A Sense of Ice and Fire: Exploring Thermal Feedback with Multiple Thermoelectric-cooling Elements on a Smart Ring

In this paper, we investigate the use of thermal feedback on a smart ring with multiple thermoelectric coolers (TECs). Our prototype aims to offer an increased expressivity with spatial thermal patterns. Our pilot study showed that users could reliably recognize 4 single points with cold stimulation (97.2% accuracy). In the following two main experiments, we investigated the use of 4 in-ring TECs to achieve two categories of spatial thermal patterns by combining two neighboring or opposite elements. The results revealed three neighboring patterns and five opposite patterns that could be reliably recognized by the participants with the average accuracy above 80%. A follow-up experiment suggested that it could be confusing for users by combining four singlespot cold stimulations, three neighboring patterns, and five opposite patterns in the same group (average accuracy: 50.2%). We conducted two more follow-up studies, showing that the participants could identify the thermal patterns in the combined group of the single-spot cold stimulations and the neighboring patterns (average accuracy: 85.3%), and the combined group of the single-spot cold stimulations and the opposite patterns (average accuracy: 89.3%). We further conducted three design workshops, involving six product/interface designers, to investigate the potential applications of these thermal patterns. The designers suggested different mappings between the given thermal patterns and the information, including direction cueing through single-spot and neighboring patterns, artifact comparison through opposite patterns, notifying incoming calls/messages from different persons with different locations and temperatures of the TECs, etc. This demonstrated interest in spatial thermal patterns in smart rings not only for notifications but also for various everyday activities.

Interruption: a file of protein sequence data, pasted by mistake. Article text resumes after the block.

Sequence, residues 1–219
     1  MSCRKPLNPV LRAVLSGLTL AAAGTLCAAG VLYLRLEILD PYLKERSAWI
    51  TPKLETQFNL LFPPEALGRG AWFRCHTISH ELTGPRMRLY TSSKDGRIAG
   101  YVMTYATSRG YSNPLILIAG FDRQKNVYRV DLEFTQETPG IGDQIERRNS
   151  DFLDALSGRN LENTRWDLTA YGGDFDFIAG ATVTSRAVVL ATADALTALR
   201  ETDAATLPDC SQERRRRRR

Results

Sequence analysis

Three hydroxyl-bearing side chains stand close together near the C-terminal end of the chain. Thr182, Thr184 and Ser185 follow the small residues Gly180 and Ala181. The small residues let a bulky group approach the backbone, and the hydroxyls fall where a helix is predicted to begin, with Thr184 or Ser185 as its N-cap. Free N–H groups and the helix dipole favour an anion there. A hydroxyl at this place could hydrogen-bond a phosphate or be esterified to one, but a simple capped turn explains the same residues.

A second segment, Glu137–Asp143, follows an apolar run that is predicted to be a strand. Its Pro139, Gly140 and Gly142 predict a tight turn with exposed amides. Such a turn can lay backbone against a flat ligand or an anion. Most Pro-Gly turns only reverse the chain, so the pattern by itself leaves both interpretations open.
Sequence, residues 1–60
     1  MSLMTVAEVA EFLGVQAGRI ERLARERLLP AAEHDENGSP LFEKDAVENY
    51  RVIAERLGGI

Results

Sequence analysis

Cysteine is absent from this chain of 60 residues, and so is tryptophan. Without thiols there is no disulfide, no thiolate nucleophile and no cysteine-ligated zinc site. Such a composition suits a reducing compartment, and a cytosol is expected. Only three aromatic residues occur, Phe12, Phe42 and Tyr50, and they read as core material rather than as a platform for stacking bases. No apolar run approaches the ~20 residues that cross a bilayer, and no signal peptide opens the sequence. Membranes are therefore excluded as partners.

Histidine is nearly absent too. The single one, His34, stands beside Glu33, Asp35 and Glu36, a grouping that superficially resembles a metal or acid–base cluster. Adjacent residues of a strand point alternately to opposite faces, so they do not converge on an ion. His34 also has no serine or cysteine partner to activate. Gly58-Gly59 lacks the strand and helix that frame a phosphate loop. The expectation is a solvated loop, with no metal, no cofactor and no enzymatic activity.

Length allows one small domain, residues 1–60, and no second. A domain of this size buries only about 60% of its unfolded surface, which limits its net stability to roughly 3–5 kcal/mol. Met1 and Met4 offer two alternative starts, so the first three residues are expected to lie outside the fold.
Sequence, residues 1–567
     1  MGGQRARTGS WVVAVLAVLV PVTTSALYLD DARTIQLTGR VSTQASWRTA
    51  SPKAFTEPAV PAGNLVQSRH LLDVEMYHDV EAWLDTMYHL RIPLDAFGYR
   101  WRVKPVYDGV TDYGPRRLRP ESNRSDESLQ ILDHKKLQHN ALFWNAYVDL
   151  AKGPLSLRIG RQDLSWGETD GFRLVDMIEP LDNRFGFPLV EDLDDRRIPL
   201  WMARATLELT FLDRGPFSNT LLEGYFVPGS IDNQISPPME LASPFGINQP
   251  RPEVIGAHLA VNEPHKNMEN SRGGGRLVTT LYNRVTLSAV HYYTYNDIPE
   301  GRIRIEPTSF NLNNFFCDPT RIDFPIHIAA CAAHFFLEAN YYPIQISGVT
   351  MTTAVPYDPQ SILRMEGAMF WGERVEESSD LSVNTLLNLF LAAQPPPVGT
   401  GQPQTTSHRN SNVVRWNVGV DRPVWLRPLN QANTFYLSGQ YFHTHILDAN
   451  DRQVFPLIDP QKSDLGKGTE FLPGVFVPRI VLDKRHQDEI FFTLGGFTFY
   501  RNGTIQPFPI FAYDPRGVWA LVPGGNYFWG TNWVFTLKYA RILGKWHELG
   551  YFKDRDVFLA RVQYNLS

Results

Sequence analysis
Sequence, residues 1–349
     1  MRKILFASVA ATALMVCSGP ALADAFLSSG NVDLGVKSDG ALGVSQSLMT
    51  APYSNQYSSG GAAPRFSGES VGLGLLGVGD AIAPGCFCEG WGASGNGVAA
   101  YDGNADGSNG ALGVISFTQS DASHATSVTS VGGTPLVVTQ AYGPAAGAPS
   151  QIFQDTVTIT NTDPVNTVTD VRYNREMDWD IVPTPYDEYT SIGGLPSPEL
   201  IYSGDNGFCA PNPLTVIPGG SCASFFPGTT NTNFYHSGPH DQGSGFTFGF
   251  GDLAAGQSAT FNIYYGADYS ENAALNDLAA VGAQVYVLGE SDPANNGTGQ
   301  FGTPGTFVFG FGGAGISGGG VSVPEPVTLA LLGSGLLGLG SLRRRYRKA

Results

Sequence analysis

Co-authors: Simon Perrault, Taizhou Chen, Shaoyu Cai, Roshan Peiris